The story of British Forces Broadcasting began officially on 1st January 1944 in North Africa. Mobile stations were used in the advance rthwards through Italy, and followed closely behind the troops after D-Day as they fought their way across Europe into Germany. However, this approach was t suitable for the war east of Suez. The India and South-East Asia Commands (SEAC) covered such a huge area that other means were needed to deliver programmes to the forces in that theatre. A start had been made in Delhi in 1944, where a station had been set up which used air time provided by All-India Radio on one of its transmitters. Efforts to improve welfare facilities were made by Vice-Admiral Mountbatten, soon after he arrived to take up his appointment as Supreme Allied Commander, South East Asia. He set up a forces newspaper, and started experimental radio transmissions, but found there were financial constraints on what could be achieved. Friends and relatives back home became unhappy about the forces' living conditions, and articles appeared in the English press. These came to Churchill's tice, and he was persuaded to send Lord Munster on a fact-finding tour to establish what improvements were needed. His report was made available to M.P.'s just before Christmas 1944, when Churchill addressed the Commons on the situation. Lord Munster had ted the station in Delhi, but wrote that transmitters were needed for forces broadcasting, and that many more receiving sets were required. Discussions involving the War Office and the BBC reached the conclusion that the best option was a powerful short wave transmitter, supported by ather with less power. This was approved by the War Cabinet, along with most of Munster's recommendations. What was much more difficult to resolve was the disagreement between those who wished to have the station in Delhi, and Mountbatten who wanted it under his command, in Ceylon. The text of a signal is included in which he set out his reasons. The furious argument was decided in his favour, and the result was Radio SEAC. Early estimates of targets for when the station might go on the air proved to be optimistic. They underestimated the difficulty of shipping, from England to Ceylon, the components of a big transmitter, complete with its own power supply. Several aerial towers (300 feet high) had to be dismantled, shipped and re-erected. In order to provide some broadcasting as soon as possible, the small transmitter was used for about a year before the powerful one went on the air in May 1946 - long after the war was over. Even readers with some kwledge of the technical details of radio receivers may be surprised by photographs showing the sheer size of the components used in the big transmitter. One could justify the huge expense of the transmitting station on the grounds that when it was t longer needed for forces broadcasting it could serve as a relay station for the BBC. This would mean, for example, that the BBC Overseas Service would be received well in Australia. It was used in this way for a short time, but independence for Ceylon led to the station being handed over to the country's new government. The story of Radio SEAC, and Mountbatten's pivotal involvement in it, has remained untold until w. Eric Hitchcock presents a balanced and fascinating account, blending military, social, political and scientific history together to produce an important account.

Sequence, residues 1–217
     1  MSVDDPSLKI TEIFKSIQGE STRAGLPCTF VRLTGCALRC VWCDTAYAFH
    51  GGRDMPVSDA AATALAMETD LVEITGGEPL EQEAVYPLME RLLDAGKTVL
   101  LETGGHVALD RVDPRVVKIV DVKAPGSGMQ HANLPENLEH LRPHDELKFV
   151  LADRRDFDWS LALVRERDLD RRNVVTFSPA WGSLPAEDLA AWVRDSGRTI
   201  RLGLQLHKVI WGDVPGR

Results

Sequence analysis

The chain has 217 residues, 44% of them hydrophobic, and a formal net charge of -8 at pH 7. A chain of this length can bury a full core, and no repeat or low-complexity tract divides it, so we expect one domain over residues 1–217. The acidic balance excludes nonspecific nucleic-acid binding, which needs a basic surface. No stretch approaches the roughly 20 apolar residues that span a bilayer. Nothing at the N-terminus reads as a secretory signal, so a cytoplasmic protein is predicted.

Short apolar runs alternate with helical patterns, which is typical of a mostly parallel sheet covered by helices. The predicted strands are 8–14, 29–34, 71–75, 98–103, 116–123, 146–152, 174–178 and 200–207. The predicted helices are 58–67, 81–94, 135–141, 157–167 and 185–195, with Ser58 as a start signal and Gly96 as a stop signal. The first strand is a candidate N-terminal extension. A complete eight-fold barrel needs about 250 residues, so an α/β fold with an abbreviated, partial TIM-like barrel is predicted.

Eric Hitchcock was fortunate in having a physics master at school who made electricity and magnetism fascinating. On leaving school he went to work for a high street bank, and took up radio construction as a hobby. Second-hand components were bought from junk shops in wartime London, and a simple shortwave receiver was eventually made to work. He was called up in the summer of 1944, and was fortunate in being sent on a six-month wireless mechanics course in the Royal Signals, followed by nine weeks' experience at the BBC transmitting station at Skelton, in what is now Cumbria. With 11 other similarly trained men he was introduced to the same model Marconi shortwave transmitter that was being installed in a purpose-built transmitter about 20 miles from Colombo in Ceylon. The men were flown to India in a Dakota, to operate and maintain this and other transmitters which carried Radio SEAC's programmes. / In 1947 he was demobilised, after sailing up the Mersey on SS Devonshire. He returned to the bank, but was moved in the 1960s to a department where he helped design computer systems for early applications such as payroll and personnel records. / Several of his SEAC friends became radio amateurs, but listening to the monitor speaker in the transmitter hall for many hours on most days encouraged his interest in playing popular music and jazz on piano. In retirement he decided to find out what record of the station existed in the Public Record Cffice, now National Archives. This book and his contact with many like-minded individuals is the result.